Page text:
Imagine this – you are the head football coach of a public high school with a decent amount of talent on it. You have arguably the biggest (unknown) arm in the country in Woodson. What offense would you run? You’d probably run some kind of shotgun passing attack to maximize the offense’s potential. The spread is everywhere now in the high school game.
What did Joe Washington at North Hardin run with Woodson? The Wishbone. It made Woodson become the most intriguing prospect in the country. No one knew who he was until his mom signed him up to go to a Penn State summer camp where he wowed the scouts after his junior year at North. He was raw, sure, but they saw his big frame and rocket arm. Woodson was recruited by Guy Morriss of Kentucky since his sophomore season – he attended some passing camps at UK but still went unnoticed by everyone other than Morriss’ staff.
To this day, I blame a lot of Woodson’s faults as a quarterback on Washington. Woodson didn’t learn anything in high school. His mechanics were poor, he had no football IQ coming out of that stupid Wishbone, and he was never taught how to be a quarterback.
After the 2002 football season, Kentucky and Morriss parted ways. The head coaching position was open and Rich Brooks, via Oregon and St. Louis, was hired. Woodson stayed with his commitment despite Ron Hudson coming on as the offensive coordinator with his horizontal option offense.
From Day One, Woodson and Hudson didn’t like each other for some reason or another. I don’t deny that Dre’ probably had an immature attitude, but how could you blame him? How happy would Peyton Manning be if all of a sudden the Colts started running the option?
Woodson was redshirted in his freshman year because he needed to polish his game up. Let me also mention, there was no quarterbacks coach at Kentucky. Hudson didn’t really care about the job of developing the quarterbacks, nor do I think he knew how to do it. So lets recap. Andre didn’t have any coaching at North Hardin, and he didn’t have any coaching in his first two years at UK. He played 6 years of his football career in offenses not designed for a passing quarterback.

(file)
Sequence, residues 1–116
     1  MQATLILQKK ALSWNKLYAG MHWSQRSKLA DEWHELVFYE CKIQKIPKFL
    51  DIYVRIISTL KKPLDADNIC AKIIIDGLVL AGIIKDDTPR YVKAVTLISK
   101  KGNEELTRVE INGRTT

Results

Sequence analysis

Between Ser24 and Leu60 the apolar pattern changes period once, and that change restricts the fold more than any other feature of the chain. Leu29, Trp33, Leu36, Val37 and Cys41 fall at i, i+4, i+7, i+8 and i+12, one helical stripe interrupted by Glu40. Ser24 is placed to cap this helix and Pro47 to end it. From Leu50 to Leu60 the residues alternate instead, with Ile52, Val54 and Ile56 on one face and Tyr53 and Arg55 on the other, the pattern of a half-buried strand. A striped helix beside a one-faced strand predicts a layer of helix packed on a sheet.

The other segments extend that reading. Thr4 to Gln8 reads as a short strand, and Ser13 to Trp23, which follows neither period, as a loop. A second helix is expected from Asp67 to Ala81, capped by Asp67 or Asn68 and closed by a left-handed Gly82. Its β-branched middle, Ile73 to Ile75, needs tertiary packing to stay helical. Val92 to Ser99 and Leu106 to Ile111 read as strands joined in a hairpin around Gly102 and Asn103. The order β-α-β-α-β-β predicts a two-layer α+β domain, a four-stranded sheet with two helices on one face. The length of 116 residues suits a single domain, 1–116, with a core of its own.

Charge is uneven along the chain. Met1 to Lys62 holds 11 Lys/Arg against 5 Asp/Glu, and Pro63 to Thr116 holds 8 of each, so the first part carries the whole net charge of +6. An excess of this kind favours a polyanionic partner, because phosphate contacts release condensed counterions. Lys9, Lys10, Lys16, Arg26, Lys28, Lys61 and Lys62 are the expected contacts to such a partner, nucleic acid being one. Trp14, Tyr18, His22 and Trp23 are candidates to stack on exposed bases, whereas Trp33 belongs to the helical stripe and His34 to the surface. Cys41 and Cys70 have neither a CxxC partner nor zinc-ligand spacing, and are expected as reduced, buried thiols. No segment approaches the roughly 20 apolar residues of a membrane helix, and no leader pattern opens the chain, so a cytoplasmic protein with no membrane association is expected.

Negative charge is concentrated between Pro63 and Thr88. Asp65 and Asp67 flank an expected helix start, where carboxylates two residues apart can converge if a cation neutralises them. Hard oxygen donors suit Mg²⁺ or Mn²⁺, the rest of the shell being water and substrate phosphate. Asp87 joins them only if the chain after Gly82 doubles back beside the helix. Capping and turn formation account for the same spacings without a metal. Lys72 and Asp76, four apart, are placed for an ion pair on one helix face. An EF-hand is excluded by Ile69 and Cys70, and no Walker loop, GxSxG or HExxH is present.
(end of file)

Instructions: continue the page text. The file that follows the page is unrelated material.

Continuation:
In his RS freshman season, he was second string to the erratic Shane Boyd. Boyd was starting because Ron Hudson liked his mobility in the option attack. Woodson rode the bench until their fourth game of the 2004 season against Ohio. I remember his first series vividly. What I recall the most was the attitude of the offensive linemen. They were more confident coming out of the huddle. The receivers looked hungrier. Dre’ brought the kind of charisma I have never seen immediately during the course of a game. He lead the team down the field but they were forced to punt – but that isn’t the point. I knew this he was special because his teammates saw something in him that made them believe – and when it is all said and done, isn’t that what playing quarterback is all about?
In his sophomore season, Joker Phillips was named offensive coordinator. I’ll never forget the Louisville game. Kentucky was getting killed in the first half. I went to the concession stand thinking, “No way we win this game.” I believe we were down by three touchdowns. Next thing I know, Andre’ leads Kentucky back into the game – on a dumb decision (that all young quarterbacks make) he fumbled the ball on the 1-yard line when he could have easily scored a touchdown by going for the pylon, but instead tried to truck over a linebacker. The game was over, and he blew it. You can look at this negatively if you want, but he cried on the sidelines after the game. That showed me just how competitive he is. He hates to lose. The rest of the season, he didn’t have a chance. He was under center for most of the year and got killed because he had no talent on the offensive line. SEC defenses teed off on him.
Things turned around for Andre’ in his junior year. Phillips turned to a shotgun attack so Woodson could have time to get the ball off – otherwise he’d get sacked time and again. He came on strong toward the end of the season, beating Georgia at home and then Clemson in the Music City Bowl. People began to take notice. Senior year here we are –
People say he has a slow release. People say his stats are a product of Kentucky’s system